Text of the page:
Animals

Tuesday, June 16, 2020

Body Found on Safety Corridor Last Week Identified

Posted By on Tue, Jun 16, 2020 at 1:07 PM

The body that was found at the center of the Hwy 101 corridor has been identified as 66-year-old, Eureka resident, Robert Alan Wolf.

According to an email from the California Highway Patrol, the Humboldt County Coroner’s Office has determined he was not involved in any type of traffic collision and his cause of death is unknown.

Wolf had been reported missing by the Eureka Police Department and had been last seen walking near the 2100 block of Pine Street in Eureka, on May 10, 2020.

The California Highway Patrol is requesting anyone with additional information regarding Wolf’s passing to please contact the office at (707) 822-5981.

Editor's Note: A previous version of the post misspelled Wolf's last name. It has been updated to the correct spelling. The Journal regrets the error.


 
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Wednesday, June 10, 2020

Orcas Spotted Off Eureka (Video)

Posted By on Wed, Jun 10, 2020 at 12:11 PM

Arcata writer Ishan Vernallis and his friend Robin Brown were cruising on Vernallis’ fishing boat Tuesday at around 4 p.m., hoping to get into a few halibut. They had traveled about 4 miles northwest of the harbor entrance when their eyes caught something much bigger — a killer whale. 


It appeared to be a juvenile, and the orca was feeding on a sea lion or seal, Vernallis observed. He kept his boat at a distance to avoid creating a disturbance and moments later a pod of three more orcas surfaced on the starboard side of the boat. Vernallis called experience “exhilarating.” 

Orcas chillin' off Eureka. - ISHAN VERNALLIS
  • Ishan Vernallis
  • Orcas chillin' off Eureka.

“I’ve been fishing rather regularly for 12 years and this was the first time I’ve seen an orca,” he said.

Others saw killer whales, too. Full Throttle Sport Fishing owner and captain Gary Blasi encountered a pod earlier that day, at around 2:30 p.m. and captured the stunning video below. After Blasi’s video and Vernallis’ photo appeared on Facebook, marine biologists began to chime in about the significance of the sightings, though they couldn't later confirm whether the men had seen the same pod or different ones.

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Thursday, May 28, 2020

Betty Chinn's Homeless Foundation Receives Grant to Care for Pets

Posted By on Thu, May 28, 2020 at 1:02 PM

Betty Chinn - FILE
  • File
  • Betty Chinn
The Betty Kwan Chinn Homeless Foundation announced today that it has received a $200,000 grant from the California Department of Housing and Community Development, Pet Assistance and Support Program to help house, feed and provide basic veterinary service to the pets of its clients.

Chinn, who spent much of her childhood living alone in a garbage dump during Mao Zedong's Cultural Revolution after her mother was jailed and her siblings sent off to labor camps due to her parents' wealth and Christian beliefs, has operated one of the few West Coast shelters to allow animals.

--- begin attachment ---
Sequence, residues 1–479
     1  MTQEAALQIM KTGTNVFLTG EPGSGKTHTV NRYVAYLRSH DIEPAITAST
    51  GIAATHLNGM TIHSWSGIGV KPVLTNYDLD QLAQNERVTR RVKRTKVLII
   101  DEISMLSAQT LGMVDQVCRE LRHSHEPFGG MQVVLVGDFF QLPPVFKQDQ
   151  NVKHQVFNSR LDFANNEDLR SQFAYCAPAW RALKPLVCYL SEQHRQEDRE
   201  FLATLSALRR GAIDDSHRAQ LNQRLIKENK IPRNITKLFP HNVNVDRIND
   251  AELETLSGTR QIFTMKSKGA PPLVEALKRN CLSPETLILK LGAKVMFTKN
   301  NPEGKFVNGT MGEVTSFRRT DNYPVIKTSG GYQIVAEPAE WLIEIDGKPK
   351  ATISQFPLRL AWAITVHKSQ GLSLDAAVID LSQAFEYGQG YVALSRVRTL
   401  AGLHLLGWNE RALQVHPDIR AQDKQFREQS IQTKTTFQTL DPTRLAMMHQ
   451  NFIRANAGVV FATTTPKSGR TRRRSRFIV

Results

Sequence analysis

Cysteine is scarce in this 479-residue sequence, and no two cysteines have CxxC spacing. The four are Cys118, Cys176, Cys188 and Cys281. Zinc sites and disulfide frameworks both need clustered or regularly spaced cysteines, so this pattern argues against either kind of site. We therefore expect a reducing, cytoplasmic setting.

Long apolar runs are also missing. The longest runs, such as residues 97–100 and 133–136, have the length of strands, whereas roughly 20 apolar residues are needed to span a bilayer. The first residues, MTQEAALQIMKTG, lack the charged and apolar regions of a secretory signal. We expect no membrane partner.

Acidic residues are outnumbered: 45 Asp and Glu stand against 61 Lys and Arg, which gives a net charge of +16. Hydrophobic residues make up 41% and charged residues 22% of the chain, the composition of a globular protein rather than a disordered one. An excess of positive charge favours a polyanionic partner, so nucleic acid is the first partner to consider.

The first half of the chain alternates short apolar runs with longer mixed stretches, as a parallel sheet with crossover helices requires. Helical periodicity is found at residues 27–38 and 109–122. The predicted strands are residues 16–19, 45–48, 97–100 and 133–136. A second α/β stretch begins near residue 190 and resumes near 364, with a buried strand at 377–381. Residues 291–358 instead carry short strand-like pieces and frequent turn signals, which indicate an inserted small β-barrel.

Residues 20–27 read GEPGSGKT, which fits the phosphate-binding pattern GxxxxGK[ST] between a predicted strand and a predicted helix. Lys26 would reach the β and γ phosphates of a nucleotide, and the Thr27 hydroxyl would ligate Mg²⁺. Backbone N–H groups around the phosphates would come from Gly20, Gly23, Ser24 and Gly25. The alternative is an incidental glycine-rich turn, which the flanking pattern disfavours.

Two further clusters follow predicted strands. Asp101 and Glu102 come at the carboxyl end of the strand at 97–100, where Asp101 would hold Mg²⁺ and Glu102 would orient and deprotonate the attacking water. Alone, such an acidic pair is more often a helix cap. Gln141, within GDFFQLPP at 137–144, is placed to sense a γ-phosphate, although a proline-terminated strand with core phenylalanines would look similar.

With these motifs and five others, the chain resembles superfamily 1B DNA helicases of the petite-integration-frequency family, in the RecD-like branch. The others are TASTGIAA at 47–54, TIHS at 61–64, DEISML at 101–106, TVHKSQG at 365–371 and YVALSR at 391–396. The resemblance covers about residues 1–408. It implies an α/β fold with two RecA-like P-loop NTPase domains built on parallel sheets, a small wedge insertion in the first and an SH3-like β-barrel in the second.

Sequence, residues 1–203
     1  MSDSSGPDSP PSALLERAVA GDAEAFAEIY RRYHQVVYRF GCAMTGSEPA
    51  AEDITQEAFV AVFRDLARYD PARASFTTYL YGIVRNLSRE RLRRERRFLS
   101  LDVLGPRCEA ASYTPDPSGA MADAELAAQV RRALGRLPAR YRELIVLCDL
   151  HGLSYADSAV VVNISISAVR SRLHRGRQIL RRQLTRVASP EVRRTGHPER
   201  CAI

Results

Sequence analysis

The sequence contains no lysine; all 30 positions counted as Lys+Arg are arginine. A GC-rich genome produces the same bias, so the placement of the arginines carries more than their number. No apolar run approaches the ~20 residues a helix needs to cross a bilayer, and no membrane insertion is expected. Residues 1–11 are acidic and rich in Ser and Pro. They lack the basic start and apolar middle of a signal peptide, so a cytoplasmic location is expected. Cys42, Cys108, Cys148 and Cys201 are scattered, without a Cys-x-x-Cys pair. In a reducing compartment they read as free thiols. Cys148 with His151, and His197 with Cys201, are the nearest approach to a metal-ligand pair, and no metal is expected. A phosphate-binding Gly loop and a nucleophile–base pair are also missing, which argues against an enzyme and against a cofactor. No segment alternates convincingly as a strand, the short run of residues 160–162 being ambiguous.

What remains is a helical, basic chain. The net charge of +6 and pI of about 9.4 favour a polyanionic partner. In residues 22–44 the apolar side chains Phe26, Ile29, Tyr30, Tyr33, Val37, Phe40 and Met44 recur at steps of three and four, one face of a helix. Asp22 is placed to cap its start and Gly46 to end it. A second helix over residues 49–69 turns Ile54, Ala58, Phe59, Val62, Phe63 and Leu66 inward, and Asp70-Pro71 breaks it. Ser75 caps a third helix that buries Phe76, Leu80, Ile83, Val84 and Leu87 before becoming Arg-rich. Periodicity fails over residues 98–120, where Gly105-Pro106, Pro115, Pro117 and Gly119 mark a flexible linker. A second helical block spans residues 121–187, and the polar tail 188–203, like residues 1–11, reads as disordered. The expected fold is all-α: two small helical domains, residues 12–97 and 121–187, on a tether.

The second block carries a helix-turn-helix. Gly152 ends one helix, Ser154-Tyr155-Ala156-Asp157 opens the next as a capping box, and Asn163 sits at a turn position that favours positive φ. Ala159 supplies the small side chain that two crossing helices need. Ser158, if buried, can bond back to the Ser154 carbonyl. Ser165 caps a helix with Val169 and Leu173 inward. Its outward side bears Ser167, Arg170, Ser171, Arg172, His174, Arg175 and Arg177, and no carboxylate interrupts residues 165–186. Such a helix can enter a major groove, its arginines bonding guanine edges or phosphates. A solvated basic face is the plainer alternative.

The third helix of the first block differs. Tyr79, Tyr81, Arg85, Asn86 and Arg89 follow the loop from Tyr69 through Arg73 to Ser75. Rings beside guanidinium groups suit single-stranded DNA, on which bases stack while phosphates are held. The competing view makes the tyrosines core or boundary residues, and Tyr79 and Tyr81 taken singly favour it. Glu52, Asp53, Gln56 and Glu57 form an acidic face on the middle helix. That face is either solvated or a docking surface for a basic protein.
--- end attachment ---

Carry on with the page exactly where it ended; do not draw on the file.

“Betty has long recognized the importance that some homeless individuals attach to their companion animals,” the release states. “Dogs provide emotional support, companionship, warmth and security to people living in the street. However, they also present a significant barrier to services because many shelters do not allow dogs, and this prevents some of the chronically homeless from accessing case management services geared toward regaining their self-sufficiency.”

Read the full release from the foundation below:

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Saturday, May 23, 2020

Happy News: It's a Baby Zebra (or Hebra)

Posted By on Sat, May 23, 2020 at 1:44 PM

A new foal has joined the Petrolia zebras. - PHOTO COURTESY OF CINDY LYMAN
  • Photo courtesy of Cindy Lyman
  • A new foal has joined the Petrolia zebras.
The hills of Humboldt are hiding a tiny, striped foal – the newest member of the zebra herd located on a ranch off the Mattole Road near Petrolia.

The little one with the long, delicate legs and the dizzying assortment of black and white dashes is the fifth zebra (or hebra – the result of a horse/female zebra mating) in the group.
The new foal with its mother. - PHOTO COURTESY OF CINDY LYMAN
  • Photo courtesy of Cindy Lyman
  • The new foal with its mother.
Travelers on the road are often stunned to see this peculiar addition to the beauties of the remote area. According to Cindy Lyman, who took these photos, there are cows as well as a red stallion, “Bo, named after John Wayne’s horse he rode in the movie, True Grit” and “a couple of mules with them … .”
The foal nursing. - PHOTO COURTESY OF CINDY LYMAN
  • Photo courtesy of Cindy Lyman
  • The foal nursing.
It’s unknown whether the newest zebra is the product of a horse/zebra mating or if the zebras are interbreeding. The photos here were taken May 14, probably within a day or two of the foal being born.